There was alignment at the executive level, which was a plus. Most of the pre-existing team seemed to want the same things around customer engagement.
When she began the role, Diana started by assessing her strengths and weaknesses. In previous jobs, the groups she supported directly reported to her. But in this role, it was more a “position of influence” where the direct reporting went into others. It required her to do more listening and understand her various teams in terms of who the real “go-to people” were.
Her One-Sentence Description Of Customer Experience
“It’s anything we do that it makes it easier for customers to do business with us.” (This has become part of the vocabulary at Essilor.)
Working With C-Suite
Packaging and communication become essential when you start working with the C-Suite, because the attention spans are “pretty low.” When she first came into the role, she took all the data and touchpoints around the life of a customer and had to find a way to condense it in a way that the other executives would understand. She created a one-pager. The one-pager also had survey data around customer dissatisfaction at various journey stages. It was a lot clearer for the executives to see, and made it much easier for her to work with C-Suite and justify some of her own P&L.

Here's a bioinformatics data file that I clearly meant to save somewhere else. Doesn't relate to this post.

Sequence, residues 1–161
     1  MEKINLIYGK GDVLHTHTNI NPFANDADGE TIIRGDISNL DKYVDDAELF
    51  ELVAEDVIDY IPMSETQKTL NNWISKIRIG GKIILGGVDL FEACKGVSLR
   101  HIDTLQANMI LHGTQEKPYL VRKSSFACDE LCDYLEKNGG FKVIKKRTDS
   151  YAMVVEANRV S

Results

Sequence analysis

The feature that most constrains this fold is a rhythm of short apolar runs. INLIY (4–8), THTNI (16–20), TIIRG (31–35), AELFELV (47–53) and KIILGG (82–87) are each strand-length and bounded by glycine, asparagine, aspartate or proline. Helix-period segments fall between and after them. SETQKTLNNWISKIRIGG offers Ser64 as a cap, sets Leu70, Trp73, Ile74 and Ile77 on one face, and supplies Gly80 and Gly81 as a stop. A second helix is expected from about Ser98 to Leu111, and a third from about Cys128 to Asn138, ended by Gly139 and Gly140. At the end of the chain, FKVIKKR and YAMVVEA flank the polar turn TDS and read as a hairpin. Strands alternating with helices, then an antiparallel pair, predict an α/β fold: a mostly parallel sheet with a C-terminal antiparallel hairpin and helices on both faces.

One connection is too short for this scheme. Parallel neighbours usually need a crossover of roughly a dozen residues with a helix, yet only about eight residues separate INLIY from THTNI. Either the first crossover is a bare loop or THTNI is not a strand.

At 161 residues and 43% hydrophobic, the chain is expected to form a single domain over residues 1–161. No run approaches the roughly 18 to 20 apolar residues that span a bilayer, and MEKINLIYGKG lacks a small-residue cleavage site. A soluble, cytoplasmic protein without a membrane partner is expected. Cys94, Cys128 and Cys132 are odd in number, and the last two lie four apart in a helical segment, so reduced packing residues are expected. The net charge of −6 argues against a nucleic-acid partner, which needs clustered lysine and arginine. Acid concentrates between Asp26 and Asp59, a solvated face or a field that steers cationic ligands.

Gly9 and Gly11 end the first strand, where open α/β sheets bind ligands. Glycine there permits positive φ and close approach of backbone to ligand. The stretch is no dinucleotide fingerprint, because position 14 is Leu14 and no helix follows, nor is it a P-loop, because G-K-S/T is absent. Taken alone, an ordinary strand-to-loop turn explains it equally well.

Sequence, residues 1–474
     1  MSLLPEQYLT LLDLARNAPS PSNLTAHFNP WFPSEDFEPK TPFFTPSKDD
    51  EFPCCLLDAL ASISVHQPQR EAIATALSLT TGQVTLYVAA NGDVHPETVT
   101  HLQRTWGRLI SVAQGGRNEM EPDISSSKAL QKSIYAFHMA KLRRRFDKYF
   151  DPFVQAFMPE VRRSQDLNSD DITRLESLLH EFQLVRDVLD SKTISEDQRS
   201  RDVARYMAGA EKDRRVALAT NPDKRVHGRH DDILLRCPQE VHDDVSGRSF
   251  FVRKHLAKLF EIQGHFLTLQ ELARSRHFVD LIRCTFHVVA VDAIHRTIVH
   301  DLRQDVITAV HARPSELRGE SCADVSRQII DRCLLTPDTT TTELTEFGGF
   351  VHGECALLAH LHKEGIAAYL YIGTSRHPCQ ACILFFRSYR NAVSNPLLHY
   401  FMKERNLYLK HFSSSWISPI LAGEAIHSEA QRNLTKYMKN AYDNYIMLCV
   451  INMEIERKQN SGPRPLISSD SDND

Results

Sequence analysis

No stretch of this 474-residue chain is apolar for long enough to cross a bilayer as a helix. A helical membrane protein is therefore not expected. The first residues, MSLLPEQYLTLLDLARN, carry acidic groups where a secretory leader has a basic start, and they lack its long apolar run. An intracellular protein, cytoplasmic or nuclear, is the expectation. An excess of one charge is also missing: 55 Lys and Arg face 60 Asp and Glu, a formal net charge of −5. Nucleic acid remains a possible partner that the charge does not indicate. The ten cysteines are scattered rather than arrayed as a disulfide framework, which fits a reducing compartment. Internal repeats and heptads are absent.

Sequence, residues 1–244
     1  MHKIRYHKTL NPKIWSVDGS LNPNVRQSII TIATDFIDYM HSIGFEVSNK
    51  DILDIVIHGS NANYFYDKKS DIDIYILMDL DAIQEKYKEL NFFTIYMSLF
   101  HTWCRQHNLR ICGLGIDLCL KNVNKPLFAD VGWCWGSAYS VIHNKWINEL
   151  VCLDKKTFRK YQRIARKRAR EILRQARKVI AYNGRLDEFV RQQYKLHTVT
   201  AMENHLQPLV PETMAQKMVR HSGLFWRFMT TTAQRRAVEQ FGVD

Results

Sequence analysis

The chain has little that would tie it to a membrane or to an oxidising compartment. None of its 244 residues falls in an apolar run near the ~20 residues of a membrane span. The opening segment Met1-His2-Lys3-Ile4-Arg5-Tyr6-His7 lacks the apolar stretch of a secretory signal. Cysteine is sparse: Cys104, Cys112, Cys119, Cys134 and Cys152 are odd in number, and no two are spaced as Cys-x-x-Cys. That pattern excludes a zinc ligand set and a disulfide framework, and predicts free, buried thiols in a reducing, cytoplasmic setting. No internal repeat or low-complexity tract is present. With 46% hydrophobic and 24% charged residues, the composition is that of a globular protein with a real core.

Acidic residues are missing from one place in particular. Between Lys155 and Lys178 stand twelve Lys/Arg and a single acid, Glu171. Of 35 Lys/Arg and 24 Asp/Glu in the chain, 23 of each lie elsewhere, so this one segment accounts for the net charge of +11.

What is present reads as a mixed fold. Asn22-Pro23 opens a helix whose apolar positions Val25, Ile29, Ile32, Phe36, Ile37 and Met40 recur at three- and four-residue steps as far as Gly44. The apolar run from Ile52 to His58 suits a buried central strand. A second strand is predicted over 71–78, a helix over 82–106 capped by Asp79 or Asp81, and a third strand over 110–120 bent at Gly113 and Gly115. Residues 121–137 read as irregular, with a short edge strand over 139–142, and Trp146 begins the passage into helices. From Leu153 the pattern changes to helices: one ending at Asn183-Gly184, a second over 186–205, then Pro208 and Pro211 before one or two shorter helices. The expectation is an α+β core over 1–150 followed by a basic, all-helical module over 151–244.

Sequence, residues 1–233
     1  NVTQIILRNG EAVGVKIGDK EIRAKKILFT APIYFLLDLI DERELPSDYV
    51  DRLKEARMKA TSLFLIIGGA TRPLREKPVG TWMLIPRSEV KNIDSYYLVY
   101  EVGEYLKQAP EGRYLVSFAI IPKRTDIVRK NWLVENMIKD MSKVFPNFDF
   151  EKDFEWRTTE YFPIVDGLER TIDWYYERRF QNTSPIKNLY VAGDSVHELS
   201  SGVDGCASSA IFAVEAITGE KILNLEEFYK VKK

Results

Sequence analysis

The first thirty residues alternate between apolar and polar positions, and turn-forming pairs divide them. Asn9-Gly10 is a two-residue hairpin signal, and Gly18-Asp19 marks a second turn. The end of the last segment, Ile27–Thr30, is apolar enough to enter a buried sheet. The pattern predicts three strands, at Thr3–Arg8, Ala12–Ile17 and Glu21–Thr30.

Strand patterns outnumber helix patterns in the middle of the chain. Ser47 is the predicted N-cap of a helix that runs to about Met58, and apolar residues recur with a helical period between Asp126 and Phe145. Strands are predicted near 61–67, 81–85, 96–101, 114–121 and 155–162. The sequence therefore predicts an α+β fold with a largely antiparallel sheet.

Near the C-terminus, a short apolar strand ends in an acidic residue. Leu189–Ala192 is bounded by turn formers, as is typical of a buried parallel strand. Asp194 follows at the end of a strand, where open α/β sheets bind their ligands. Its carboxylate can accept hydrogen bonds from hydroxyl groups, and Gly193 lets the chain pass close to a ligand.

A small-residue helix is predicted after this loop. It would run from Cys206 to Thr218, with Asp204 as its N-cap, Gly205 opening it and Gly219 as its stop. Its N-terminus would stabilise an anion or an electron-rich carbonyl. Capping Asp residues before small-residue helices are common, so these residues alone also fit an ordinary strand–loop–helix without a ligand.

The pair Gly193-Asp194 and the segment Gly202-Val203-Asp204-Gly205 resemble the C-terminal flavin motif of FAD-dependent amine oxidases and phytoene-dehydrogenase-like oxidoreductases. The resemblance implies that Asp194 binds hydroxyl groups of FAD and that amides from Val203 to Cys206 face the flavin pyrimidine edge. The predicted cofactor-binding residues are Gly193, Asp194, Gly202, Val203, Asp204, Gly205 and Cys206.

“Walk them through it: this is what your customer is going through, and this is what we’re doing with them,” she says. “A lot of times they are isolated and want to do the right thing, but don’t know what’s happening at the customer interaction level.”
One Of The First Areas She Worked With
… was, interestingly, finance. She figured if she could help influence that, it would create role clarity and “earn the right” to the work. Finance is not typically customer-oriented, and she assumed it might be a difficult process. It wasn’t, though! The finance team jumped on it, and now they’re “zealots” when it comes to customer experience. (Finance in this context means billing and contract departments.)
She created a cross-functional team and did job shadowing and process maps for each area that had a direct impact with customers. “You can’t boil the ocean,” Diana notes, “so pick a piece that will be impactful for the customer and where you can succeed.”
She initially wanted to implement a strategy in 18 months, but her timeline stretched out — in part because of the structure of the role in terms of influence vs. direct reports. When there are big changes on the executive team, though, there can be a few stops and starts.
The Strategy Paradox